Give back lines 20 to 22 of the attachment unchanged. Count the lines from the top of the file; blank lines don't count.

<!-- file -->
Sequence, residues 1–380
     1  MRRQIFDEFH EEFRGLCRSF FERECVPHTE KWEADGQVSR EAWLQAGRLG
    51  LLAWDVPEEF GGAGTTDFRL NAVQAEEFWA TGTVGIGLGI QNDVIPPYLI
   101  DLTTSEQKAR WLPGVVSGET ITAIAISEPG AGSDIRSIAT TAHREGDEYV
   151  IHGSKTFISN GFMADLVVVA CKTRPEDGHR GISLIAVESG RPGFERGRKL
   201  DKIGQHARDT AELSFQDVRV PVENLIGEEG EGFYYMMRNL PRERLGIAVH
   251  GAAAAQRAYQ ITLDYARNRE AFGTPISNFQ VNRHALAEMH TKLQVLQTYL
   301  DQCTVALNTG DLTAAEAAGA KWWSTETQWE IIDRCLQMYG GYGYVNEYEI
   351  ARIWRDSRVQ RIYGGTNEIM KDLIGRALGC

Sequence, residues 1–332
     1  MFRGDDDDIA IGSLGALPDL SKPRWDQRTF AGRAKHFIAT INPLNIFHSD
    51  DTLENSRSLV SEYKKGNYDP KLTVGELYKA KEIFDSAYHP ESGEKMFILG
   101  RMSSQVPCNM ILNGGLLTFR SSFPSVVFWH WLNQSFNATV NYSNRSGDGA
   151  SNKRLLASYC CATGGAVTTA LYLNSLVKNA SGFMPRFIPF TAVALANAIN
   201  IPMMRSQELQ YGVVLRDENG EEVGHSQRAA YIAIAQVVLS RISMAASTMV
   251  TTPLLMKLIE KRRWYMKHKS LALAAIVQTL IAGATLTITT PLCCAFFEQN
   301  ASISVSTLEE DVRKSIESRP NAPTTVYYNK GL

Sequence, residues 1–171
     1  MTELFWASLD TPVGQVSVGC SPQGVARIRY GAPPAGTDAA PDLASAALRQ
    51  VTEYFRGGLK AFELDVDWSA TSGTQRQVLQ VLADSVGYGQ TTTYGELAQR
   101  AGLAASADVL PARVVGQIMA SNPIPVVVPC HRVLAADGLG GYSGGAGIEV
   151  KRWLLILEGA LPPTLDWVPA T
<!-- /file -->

    51  VTEYFRGGLK AFELDVDWSA TSGTQRQVLQ VLADSVGYGQ TTTYGELAQR
   101  AGLAASADVL PARVVGQIMA SNPIPVVVPC HRVLAADGLG GYSGGAGIEV
   151  KRWLLILEGA LPPTLDWVPA T